I hope you enjoyed our cover story about lettuce producer Mellon Farms. I was impressed by the number of acres, the efficiency of the farm, and most importantly, the fact that it is a third-generation family-owned operation. It is wonderful that Archie Mellon, the patriarch of the family, farmed with his son Doug years ago, and now Doug has passed the torch to Colin, Todd and Cory.

Working with one’s father can be challenging, as every generation has their own ideas. It is highly recommended that adult children work someplace else before coming back to any family operation. However, there is an unspoken bond between father and son – or father and daughter – that you won’t find in a business contract. Most fathers beam with pride when their offspring successfully expand an operation or makes positive changes to keep the land in the family.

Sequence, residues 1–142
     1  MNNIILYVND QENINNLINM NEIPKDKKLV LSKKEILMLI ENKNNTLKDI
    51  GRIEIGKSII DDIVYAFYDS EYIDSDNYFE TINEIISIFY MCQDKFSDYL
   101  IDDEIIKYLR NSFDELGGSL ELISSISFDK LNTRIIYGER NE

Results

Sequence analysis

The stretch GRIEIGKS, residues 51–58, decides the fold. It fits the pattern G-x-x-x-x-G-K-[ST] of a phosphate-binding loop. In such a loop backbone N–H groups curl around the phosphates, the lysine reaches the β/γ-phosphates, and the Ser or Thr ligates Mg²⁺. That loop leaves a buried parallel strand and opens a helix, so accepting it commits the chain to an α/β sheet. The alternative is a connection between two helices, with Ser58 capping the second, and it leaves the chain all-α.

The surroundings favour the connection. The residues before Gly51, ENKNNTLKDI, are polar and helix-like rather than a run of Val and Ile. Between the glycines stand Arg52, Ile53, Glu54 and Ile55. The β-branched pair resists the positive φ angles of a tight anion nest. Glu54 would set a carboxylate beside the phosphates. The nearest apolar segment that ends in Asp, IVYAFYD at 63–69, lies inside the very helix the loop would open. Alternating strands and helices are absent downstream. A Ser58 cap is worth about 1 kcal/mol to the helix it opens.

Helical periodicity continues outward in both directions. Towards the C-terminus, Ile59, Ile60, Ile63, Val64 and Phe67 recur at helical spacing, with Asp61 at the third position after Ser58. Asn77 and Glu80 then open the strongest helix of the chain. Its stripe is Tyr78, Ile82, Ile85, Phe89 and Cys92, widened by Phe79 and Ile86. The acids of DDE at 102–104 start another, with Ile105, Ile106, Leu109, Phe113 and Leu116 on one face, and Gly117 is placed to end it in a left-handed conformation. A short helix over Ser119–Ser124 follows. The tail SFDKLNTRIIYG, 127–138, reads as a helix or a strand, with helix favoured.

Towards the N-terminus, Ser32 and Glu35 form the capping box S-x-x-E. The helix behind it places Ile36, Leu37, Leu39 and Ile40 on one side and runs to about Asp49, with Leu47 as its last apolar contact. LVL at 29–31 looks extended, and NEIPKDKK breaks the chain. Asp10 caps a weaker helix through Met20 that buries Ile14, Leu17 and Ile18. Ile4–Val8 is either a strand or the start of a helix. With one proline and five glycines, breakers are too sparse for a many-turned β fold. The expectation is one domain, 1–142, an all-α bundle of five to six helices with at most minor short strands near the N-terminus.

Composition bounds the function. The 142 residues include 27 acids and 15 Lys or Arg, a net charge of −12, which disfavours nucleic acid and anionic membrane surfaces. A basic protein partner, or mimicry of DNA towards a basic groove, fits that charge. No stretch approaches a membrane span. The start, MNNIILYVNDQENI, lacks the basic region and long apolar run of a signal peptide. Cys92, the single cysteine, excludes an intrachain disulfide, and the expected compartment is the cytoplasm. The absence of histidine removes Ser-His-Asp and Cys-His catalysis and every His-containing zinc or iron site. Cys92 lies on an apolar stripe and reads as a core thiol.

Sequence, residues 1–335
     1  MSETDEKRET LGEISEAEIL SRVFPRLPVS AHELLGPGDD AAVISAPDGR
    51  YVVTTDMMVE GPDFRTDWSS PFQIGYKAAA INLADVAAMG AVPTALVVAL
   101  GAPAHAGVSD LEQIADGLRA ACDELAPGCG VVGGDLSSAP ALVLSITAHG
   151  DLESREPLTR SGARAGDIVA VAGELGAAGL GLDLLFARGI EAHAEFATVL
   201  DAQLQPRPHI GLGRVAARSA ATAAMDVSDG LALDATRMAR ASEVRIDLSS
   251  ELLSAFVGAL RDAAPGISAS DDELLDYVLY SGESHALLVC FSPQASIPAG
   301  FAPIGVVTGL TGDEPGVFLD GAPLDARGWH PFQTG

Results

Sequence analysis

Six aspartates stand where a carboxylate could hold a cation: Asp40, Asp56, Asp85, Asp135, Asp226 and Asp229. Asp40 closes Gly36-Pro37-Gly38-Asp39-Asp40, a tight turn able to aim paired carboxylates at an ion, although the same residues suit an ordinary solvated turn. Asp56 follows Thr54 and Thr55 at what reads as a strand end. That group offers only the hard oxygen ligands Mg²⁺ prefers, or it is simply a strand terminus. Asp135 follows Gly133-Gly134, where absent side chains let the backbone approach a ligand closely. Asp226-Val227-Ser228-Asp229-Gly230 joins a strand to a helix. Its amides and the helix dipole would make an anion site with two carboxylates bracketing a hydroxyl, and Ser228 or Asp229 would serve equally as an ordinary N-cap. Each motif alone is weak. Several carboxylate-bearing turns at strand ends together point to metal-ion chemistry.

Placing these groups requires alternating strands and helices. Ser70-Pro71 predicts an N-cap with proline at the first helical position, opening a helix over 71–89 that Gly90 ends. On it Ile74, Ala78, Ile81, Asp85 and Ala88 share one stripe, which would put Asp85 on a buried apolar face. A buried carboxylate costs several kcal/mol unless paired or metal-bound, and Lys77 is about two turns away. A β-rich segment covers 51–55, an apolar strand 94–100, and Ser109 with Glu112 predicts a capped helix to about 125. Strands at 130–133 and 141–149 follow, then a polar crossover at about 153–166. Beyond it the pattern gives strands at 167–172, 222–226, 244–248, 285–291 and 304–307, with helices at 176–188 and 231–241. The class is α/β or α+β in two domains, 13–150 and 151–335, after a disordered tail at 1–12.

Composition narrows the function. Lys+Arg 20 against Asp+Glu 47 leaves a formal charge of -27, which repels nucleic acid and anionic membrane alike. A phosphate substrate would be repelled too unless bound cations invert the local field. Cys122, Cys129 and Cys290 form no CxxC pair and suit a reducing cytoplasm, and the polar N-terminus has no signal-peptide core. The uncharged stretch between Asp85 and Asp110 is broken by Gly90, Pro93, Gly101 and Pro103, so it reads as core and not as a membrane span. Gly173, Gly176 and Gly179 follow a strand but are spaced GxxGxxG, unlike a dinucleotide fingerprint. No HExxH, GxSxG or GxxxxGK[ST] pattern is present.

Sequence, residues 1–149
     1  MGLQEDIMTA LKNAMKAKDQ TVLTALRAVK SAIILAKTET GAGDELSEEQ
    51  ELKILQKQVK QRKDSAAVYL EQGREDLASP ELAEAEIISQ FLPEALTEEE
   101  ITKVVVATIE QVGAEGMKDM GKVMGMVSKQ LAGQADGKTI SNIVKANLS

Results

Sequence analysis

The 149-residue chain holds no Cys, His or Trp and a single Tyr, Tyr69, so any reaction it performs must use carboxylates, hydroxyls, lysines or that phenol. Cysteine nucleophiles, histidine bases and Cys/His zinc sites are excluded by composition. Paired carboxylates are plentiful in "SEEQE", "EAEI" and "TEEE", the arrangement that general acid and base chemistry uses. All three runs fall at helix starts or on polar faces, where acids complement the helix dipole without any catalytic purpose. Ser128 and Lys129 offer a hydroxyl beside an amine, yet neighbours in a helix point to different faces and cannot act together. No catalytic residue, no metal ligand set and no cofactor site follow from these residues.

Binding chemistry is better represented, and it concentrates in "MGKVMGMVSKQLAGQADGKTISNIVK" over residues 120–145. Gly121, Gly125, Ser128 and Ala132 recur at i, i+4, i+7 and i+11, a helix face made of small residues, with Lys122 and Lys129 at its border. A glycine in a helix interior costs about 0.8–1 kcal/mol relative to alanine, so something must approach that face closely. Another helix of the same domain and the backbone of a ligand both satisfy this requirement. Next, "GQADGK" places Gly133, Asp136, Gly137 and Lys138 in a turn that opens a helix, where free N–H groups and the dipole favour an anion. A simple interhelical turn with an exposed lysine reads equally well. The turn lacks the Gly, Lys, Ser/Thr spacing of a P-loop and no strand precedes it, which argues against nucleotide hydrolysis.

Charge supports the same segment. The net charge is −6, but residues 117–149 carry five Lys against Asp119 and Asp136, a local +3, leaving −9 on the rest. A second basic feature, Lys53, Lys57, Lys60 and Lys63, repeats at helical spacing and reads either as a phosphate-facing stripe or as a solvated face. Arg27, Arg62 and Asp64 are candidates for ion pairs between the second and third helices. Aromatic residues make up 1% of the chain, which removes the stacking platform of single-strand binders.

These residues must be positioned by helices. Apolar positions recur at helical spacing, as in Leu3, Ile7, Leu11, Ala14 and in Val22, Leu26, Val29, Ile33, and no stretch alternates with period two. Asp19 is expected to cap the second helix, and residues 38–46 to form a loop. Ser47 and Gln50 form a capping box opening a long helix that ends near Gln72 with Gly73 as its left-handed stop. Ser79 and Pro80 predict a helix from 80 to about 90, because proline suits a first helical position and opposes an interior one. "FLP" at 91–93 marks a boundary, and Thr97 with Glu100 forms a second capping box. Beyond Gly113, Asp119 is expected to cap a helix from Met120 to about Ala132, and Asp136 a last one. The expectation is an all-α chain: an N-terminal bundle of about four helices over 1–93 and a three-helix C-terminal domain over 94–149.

More than 90 percent of the farms in the U.S. are considered family-run. This figure encompasses all types of farms from vegetable to livestock. If you read the article in our March issue about the Long Acres Potato Farm, it is owned by son Bryan Beck and his father, Clarence. Although the farm covers 3,100 acres, it is still considered a family farm.

There are many examples in past issues of Growing portraying family farms. Reading each article, I can imagine there were times when the first generation questioned if it was worth hanging on to that land to turn it over to the next generation. The underlying message in each story is the guidance a father has bestowed upon his children to nurture that operation. Fruit and vegetable growers lead a busy life in the summer, but on Sunday, June 19, I hope you take some time to spend with your father.

Happy Father’s Day!


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